The Ethos Foundation has issued its 2014 proxy voting guidelines. One notable feature of this edition is the principles that Ethos will apply with regard to the implementation of the ordinance of execution of the initiative “against excessive remuneration”, the so-called "Minder" initiative. Ethos recommends that companies have a separate vote for the fixed and variable remuneration components. Under no circumstances will the Foundation be able to accept, prospectively, remuneration amounts without knowing in detail the mechanisms linking compensation to performance. Moreover, in the event of outstanding performance, the variable remuneration should not exceed three times the fixed salary in order to avoid excessive risk-taking by the management.
Following the entry into force of the ordinance of execution of the Minder initiative, Ethos' voting guidelines have been supplemented to take into account the enhanced shareholder rights with regard to corporate governance and executive remuneration conferred by the initiative. Ethos specifies below under which conditions Board proposals can be accepted at shareholder general meetings.
Stricter proxy voting guidelines
Ethos requires separate votes for the fixed and variable compensation paid to executive management. Base salaries and long-term participation plans can be voted on prospectively, i.e. at the start of the applicable period. On the other hand, bonuses paid for past results should be put to approval retroactively by the shareholder meeting, i.e. at the end of the applicable period, after the relevant performance is established. Ethos will therefore not be able to accept voting in advance for a maximum bonus amount without an extremely detailed explanation of the targets which must be met for granting the requested amount.
The total amounts of remuneration which Ethos will be able to accept depend on the size and complexity of the companies in question. Nevertheless, the fixed salaries should not exceed, without justification, the median, of a group of peer companies. Total variable compensation (bonus and participation plans) should not exceed, for exceptional performance, three times the fixed salary for a CEO.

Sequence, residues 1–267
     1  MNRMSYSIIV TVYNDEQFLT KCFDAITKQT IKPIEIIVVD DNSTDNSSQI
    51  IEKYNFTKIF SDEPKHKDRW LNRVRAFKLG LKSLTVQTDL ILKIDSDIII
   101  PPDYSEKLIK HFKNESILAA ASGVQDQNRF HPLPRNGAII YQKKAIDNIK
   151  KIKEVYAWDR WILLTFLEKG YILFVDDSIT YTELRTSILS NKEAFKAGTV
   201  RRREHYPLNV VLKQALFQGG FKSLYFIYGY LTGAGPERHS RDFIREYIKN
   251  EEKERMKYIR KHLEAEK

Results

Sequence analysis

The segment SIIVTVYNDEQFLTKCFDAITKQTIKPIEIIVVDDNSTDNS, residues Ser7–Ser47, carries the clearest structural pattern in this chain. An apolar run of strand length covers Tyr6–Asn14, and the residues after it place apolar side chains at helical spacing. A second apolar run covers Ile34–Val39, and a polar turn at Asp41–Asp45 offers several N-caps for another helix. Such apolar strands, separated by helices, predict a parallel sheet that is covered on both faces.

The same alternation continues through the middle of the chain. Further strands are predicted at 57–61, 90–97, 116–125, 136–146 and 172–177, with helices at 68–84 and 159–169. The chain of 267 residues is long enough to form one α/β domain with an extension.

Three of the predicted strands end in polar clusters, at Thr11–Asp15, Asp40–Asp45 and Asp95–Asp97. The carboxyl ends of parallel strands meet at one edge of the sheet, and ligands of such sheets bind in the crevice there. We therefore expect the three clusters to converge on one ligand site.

To approve the election of remuneration committee members, Ethos requests that most of the candidates are independent and do not hold executive positions at other companies. The point being that such candidates could have a personal interest in seeing average executive compensation rise across the market as a whole, leading to a ratcheting of executive remuneration.
Finally, Ethos will pay very close attention to the corporate governance rules set by companies in their articles of association. In particular, the maximum number of other mandates held by executives will need to be limited to ensure they can provide the required diligence and commitment, particularly during crises.
Remuneration levels remain high
Ethos has also released its annual survey on executive remuneration in the 100 largest companies listed in Switzerland. In the financial year 2012, remuneration remained very high averaging almost CHF 2 million for a member of executive management. Transparency regarding remuneration allocation mechanisms is still inadequate in many companies. A prospective vote for a maximum package would be equivalent to giving a blank cheque to the management, and that is not acceptable to Ethos.
The structure of remuneration systems often still falls short of best practice. Of the 42 companies which disclose the maximum potential compensation level, in 18 cases variable compensation can exceed three times the base salary. Moreover, 41 companies have a long-term participation plan without performance criteria for vesting. All the beneficiary needs to do for the shares to be released, is remain employed by the company for the set term (normally three years). In practice, these plans fail to meet their retention target, as companies which want to recruit a good manager will not hesitate to make replacement payments for the shares forgone. Surprisingly, this type of remuneration was not prohibited in the implementation of the Minder initiative.
Obligation to vote for pension funds
Given that Swiss pension funds are obliged to exercise their voting rights for companies under Swiss law from 2015, Ethos has now expanded its shareholder meeting analyses to 200 companies listed on the SPI.